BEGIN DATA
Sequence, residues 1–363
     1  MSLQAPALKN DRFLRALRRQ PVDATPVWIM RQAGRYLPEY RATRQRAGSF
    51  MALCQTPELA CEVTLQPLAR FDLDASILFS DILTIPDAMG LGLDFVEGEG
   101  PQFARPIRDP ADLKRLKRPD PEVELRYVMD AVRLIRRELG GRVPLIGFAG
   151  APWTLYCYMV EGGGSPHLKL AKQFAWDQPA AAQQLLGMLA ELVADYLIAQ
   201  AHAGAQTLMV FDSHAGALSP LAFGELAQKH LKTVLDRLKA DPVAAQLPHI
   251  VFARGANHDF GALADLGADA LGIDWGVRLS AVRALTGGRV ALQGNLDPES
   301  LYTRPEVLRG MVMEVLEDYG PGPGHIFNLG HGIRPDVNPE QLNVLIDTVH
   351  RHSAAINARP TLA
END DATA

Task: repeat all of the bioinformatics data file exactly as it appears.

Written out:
Sequence, residues 1–363
     1  MSLQAPALKN DRFLRALRRQ PVDATPVWIM RQAGRYLPEY RATRQRAGSF
    51  MALCQTPELA CEVTLQPLAR FDLDASILFS DILTIPDAMG LGLDFVEGEG
   101  PQFARPIRDP ADLKRLKRPD PEVELRYVMD AVRLIRRELG GRVPLIGFAG
   151  APWTLYCYMV EGGGSPHLKL AKQFAWDQPA AAQQLLGMLA ELVADYLIAQ
   201  AHAGAQTLMV FDSHAGALSP LAFGELAQKH LKTVLDRLKA DPVAAQLPHI
   251  VFARGANHDF GALADLGADA LGIDWGVRLS AVRALTGGRV ALQGNLDPES
   301  LYTRPEVLRG MVMEVLEDYG PGPGHIFNLG HGIRPDVNPE QLNVLIDTVH
   351  RHSAAINARP TLA